- When attempting steeper slopes, start at the bottom of the slope. Starting at the top of the slope will greatly increase the momentum which can be scary. Even advanced skaters start practicing from the bottom many times and gradually go towards the middle of the slope and then finally at the top.
The A Stop
Now that you know how to do the “One foot A” stop, you can do the same with both feet while alternating between the right leg and left leg.
The Sliding A Stop / Plough Stop
This stop requires a series/sequence of movements. These are:
- Skate, Skate, Roll
- Bend your knees
- Arms forward, fingers stretched, with your fingers touching each other
- Then stretch (Stretching my legs open outwards)
- Ankles tilted inwards
Think of this poem to help you remember:
Heels slipping and pushing outwards
I get the feeling that Nothing is happening.
I certainly won’t stop
as I do the above motion
Certainly I am not going faster
Despite the downward slope.
That is enough consolation and control in the place of greater speed, panic and fear.
I will only gradually slow down.
and eventually come to a stop
If you find that your skates are starting to go backwards and you are beginning to fall forwards, at this point you can give yourself a little heave and jump to make your feet in the H (or parallel) position.
The Famous T Brake and L Brake
You can practice this with bare feet, or regular footwear. You stand on one leg, for example your right leg.
You then bend your right leg while stretching both your arms out for balance initially.
Get your hanging left leg to turn 90 degrees outwards and placed at the back about 6 inches away from your right heel, like a T or sometimes like an L. Mostly above the ground and once in a while lightly touch the ground for a few seconds. Making a T.
That’s why it’s called a drag brake, a T brake or L Brake.
Initially, you may only be able to touch the front wheels of your hanging leg. With practice, you will be able to get your last wheels below the heels to also scrape the floor.
Once you are able to do this consistently, you can then proceed to do this with skates. The first few times you do this with skates on, try to start by skating slowly.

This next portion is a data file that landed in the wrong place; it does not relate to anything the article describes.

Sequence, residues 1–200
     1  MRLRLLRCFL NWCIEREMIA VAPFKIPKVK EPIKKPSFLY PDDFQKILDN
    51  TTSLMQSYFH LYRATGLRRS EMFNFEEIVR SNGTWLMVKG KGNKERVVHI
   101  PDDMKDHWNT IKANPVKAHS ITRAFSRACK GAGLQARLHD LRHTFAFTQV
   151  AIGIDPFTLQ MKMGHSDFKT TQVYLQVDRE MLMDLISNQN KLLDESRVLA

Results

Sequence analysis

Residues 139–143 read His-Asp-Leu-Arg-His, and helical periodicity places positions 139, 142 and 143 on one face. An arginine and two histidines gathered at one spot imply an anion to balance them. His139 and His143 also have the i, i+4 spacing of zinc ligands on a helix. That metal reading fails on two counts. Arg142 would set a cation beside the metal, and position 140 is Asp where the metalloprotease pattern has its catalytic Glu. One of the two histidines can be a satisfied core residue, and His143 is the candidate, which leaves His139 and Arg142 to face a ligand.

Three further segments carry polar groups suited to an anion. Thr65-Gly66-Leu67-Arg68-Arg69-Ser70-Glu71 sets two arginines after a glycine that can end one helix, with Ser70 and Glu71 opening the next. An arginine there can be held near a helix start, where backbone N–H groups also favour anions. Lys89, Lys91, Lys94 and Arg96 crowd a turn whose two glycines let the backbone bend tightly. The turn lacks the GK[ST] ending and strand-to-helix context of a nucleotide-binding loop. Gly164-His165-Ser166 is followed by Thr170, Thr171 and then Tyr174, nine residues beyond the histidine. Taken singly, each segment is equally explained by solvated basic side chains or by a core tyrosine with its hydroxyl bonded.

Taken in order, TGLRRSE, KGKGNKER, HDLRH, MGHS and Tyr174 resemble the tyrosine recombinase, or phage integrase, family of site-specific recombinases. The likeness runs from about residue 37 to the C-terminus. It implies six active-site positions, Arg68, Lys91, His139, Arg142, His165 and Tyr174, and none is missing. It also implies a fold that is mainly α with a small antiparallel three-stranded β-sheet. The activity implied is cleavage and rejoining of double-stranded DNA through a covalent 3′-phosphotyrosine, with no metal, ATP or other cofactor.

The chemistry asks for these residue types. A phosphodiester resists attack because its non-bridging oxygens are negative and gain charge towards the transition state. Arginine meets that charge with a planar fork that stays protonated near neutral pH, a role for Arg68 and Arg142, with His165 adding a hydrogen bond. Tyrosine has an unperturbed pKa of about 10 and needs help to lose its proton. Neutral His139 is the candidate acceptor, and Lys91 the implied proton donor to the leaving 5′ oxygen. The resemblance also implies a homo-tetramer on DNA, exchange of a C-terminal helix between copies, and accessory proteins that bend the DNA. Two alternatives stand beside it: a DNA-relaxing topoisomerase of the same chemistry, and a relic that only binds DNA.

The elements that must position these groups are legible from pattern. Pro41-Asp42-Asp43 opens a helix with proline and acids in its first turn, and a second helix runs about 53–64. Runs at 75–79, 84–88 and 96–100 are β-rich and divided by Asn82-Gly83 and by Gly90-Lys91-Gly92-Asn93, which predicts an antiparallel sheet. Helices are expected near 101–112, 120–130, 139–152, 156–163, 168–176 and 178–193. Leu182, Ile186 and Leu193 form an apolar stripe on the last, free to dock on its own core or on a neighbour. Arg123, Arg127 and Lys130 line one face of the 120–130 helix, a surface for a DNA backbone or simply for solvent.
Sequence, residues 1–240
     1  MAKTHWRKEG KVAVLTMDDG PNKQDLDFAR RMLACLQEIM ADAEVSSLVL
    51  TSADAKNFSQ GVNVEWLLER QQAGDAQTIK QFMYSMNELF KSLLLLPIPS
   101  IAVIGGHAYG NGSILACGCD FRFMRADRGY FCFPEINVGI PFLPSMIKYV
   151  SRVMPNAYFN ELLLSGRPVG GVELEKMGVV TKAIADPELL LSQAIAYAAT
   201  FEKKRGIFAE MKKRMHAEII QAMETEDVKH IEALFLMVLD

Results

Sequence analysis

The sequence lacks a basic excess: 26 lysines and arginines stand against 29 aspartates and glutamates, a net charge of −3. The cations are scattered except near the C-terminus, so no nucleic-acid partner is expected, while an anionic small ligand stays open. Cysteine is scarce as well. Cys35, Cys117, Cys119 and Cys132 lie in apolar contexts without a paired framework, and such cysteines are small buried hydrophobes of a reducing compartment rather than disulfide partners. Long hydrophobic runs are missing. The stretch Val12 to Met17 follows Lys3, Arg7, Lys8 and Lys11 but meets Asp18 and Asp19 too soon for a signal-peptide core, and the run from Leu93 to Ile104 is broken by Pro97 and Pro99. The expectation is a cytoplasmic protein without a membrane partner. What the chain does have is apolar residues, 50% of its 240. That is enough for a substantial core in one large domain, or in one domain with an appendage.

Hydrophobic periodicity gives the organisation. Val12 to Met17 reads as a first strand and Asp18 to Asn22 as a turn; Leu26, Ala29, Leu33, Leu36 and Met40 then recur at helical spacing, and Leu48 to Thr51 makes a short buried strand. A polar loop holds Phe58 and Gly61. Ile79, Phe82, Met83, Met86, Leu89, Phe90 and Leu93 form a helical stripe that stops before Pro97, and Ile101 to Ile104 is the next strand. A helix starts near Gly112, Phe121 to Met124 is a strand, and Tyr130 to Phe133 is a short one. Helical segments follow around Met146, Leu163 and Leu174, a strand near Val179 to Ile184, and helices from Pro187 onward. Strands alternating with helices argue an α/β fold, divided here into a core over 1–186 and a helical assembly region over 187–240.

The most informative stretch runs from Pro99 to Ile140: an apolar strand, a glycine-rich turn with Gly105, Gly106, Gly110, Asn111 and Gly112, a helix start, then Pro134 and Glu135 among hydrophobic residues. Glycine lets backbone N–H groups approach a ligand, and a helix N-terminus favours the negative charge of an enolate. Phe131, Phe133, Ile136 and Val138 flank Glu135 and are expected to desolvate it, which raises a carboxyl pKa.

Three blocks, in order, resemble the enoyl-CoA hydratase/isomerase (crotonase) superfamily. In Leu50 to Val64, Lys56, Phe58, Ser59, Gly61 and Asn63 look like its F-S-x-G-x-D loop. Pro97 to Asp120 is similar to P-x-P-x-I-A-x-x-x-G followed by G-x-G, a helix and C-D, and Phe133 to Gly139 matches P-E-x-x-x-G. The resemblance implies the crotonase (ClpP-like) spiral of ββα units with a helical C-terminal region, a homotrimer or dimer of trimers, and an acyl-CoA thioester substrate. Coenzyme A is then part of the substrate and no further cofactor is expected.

When your hanging skate touches the floor, your body and other skate spin inwards.
You need to be cautious and with all your awareness, you need to get your weight bearing leg to continue to point outwards, which will make you go straight.
You need to always only scrape your feet on the floor gently. If you are in quad skates, you might get a jerky movement in the beginning. If you do, start using the outer edges of the outer wheels of the hanging leg to gently scrape the floor.
As you progress, you can get all the four wheels of your hanging leg to gently scrape the floor behind your skating leg. Smoothly.
If you put too much pressure on the dragging leg, you will start to lose control on the weight carrying leg and start spinning inwards without control. You are very likely going to fall as a result.
My Spin Brake and Swirl Stop
My spin stop is almost a failed T Brake ☺.
Remember you will loose control if you put pressure on the hanging wheel, the wheel at the back. This is like someone driving a car suddenly slamming on the brakes and the car spins uncontrollably. But in this case, you practice this spin intentionally, slowly first and then faster and faster.
As you skate, you slowly and cautiously turn one of your legs outwards and leave the other leg forwards. When you do this the outer leg will tend to drag the forward leg to turn inwards.
At this point, you extend your arms outwards, keep your knees bent and back slightly bent forwards to get more control and balance. You will start spinning in the same spot without moving forward.